In the meanwhile the human female made a lot of research, got in contact with a second vet and hoped it was an abscess.

Spock spent Tuesday morning in the office with the human female. He looked better after some normal feeds of Critical Care and even gained weight. Because he was quite scared in an unknown environment, he spent around two hours on the human female’s lap being very calm and relaxed.

At 11 am he went under anaesthesia. At 3 pm the news were pretty good, that the surgery went well. Well, if it was a surgery than for sure it wasn’t a tumour!

The human female went to pick him up and had a debriefing with the vet. It was a nasty abscess, hidden behind the muscle. Unfortunately the cause was not obvious, so the vet could say what was the source. But she managed to clean it well, left the incision opened (even stitched the muscle to stay opened at least 5 days) so it can be cleaned daily at home.

Spock looked awful. The human female turned white when she first saw him. And he was more like a veggie.

Once at home, he was isolated from me. This I don’t really understand, but as long as I can see him and sniff him through the fence, it’s fine. Apparently they need to keep an eye on how much he eats exactly.

The human female spent the next two days working from home just to stay close to him and make sure he manages to survive. First day when she had to flush the wound, she was literally freaking out. But she managed. Today was the third time and she seemed better prepared already.

Spock started chewing veggies less than 24h after the surgery, but no hay. Until this morning when we saw him delicately munching some. We all stopped breathing and became very quiet just not to distract him.

I would say that he is not cleared yet, but we are optimistic. We are still afraid for him, but we hope he will make a full recovery. And we also hope he understands he needs to eat hay! It’s a must for keeping his teeth well. I keep telling him this… He looks normal, not shaggy and miserable anymore.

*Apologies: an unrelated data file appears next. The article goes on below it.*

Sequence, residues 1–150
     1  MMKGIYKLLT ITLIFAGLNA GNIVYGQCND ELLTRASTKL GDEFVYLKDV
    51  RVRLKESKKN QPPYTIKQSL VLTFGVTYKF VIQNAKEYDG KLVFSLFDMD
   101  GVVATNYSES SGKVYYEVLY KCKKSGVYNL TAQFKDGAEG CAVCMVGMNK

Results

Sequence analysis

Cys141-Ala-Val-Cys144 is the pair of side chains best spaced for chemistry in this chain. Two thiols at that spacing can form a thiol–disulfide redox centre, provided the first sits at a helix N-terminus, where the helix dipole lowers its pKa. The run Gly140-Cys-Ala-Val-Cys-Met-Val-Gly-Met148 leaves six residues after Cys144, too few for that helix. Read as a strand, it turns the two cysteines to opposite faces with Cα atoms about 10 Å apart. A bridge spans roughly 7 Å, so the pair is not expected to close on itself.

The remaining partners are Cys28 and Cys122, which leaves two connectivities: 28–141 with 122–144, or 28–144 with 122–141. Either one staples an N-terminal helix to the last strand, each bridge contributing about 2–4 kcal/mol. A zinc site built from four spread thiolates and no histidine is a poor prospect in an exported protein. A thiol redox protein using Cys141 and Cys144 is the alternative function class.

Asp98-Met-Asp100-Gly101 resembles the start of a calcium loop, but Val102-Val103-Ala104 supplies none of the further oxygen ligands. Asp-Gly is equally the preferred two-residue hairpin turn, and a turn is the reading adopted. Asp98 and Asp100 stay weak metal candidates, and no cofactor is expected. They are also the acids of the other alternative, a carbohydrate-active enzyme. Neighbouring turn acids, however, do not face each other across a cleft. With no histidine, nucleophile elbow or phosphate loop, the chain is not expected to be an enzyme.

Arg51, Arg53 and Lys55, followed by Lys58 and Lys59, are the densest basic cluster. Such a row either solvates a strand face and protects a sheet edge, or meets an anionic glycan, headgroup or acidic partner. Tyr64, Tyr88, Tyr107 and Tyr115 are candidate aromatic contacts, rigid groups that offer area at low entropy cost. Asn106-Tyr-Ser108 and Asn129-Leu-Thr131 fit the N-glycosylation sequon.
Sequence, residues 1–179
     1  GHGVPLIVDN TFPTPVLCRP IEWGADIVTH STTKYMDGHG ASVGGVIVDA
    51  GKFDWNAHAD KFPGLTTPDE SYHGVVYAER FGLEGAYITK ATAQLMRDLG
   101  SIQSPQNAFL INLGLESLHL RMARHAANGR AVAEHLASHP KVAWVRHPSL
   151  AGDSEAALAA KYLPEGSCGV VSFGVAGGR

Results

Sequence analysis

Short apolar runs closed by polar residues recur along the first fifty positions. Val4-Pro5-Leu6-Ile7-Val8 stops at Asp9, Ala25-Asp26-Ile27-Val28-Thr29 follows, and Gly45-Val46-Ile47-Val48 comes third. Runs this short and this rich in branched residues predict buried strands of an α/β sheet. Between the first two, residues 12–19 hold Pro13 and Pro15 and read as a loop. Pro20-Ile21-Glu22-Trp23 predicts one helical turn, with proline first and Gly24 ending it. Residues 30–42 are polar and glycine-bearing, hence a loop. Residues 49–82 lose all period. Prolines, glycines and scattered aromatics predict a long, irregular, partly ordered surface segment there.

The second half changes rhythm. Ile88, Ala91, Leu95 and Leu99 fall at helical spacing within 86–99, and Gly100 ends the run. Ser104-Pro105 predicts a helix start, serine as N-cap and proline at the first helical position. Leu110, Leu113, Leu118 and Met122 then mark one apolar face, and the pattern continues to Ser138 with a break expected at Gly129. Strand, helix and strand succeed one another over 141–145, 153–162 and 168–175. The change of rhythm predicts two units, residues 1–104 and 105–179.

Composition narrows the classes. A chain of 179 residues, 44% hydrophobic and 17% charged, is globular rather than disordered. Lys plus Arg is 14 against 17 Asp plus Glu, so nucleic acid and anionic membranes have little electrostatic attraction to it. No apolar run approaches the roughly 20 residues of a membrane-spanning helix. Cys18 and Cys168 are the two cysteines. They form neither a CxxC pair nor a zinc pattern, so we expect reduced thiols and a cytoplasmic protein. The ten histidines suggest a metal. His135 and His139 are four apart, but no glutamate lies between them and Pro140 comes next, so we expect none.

I’m not going to share a photo with his head as it looks right now as it is not at all flattering. But I’ll share a photo of him on the lap of the human female.

wp_20170221_006

Happy birthday Spock! Live long and prosper!

(I’ve heard the humans would like to move into another appartment. You need to be healthy so we can pee together all over the floor. 😀 )

Data's tales, guinea pigs tales, Uncategorized

Update on us

data_profile_2OMG! More than one month since our last post… Auch! Oups! Agrhhhh!

To be honest, we are very busy keeping away from the Little Rascal. And training her for our future benefit. But human kids are more difficult to be trained than guinea pigs pups. Of course, everything is more difficult with humans!

So, this is an update on us and our projects, just to assure you we are still alive.

The book had a setback but now it seems to be getting on the right track again. Hopefully it will come out this spring.

Worf and Kirk were separated following Worf’s decision that he can’t stand sharing the same room with Kirk. Weird… Now Worf is always at the fence and chit chatting with us. We are even considering accepting to share a bigger room with him. And the crazy humans are considering getting (maybe!) another flat mate for Kirk. But all this decisions would have to wait until later this spring when the human female will be at home with the second human baby.

Worf even lost some weight due to the stress. And we were quite upset with Kirk. I mean, come on! You are a great psychiatrist but you can’t see the stress signs in your own flat mate?!

And Spock has some dental issues. Probably. I mean it looks like this, but the vet has still to confirm and to treat whatever it is. The thing is that he looks miserable, tries to eat but obviously can’t manage to chew hard veggies like fennel. So he will be on a course of Critical Care until Friday when he gets to the vet.

I am fine, just one fatty eye to report. But nothing serious.

Kirk seems fine too. Even popcorning from time to time. By the way, 2 weeks ago was his birthday. He got lots of pellets. Us too. 😀

Before going back to our book and managing that project, I’ll insert some recent photos of us.

Kirk on his birthday

wp_20170115_001

Spock and I few days ago (Spock was still fine at the time)

wp_20170113_007

Worf

wp_20170113_004

The new set up of our apartment. Not ideal, but it should get better in two or three months.

wp_20170108_024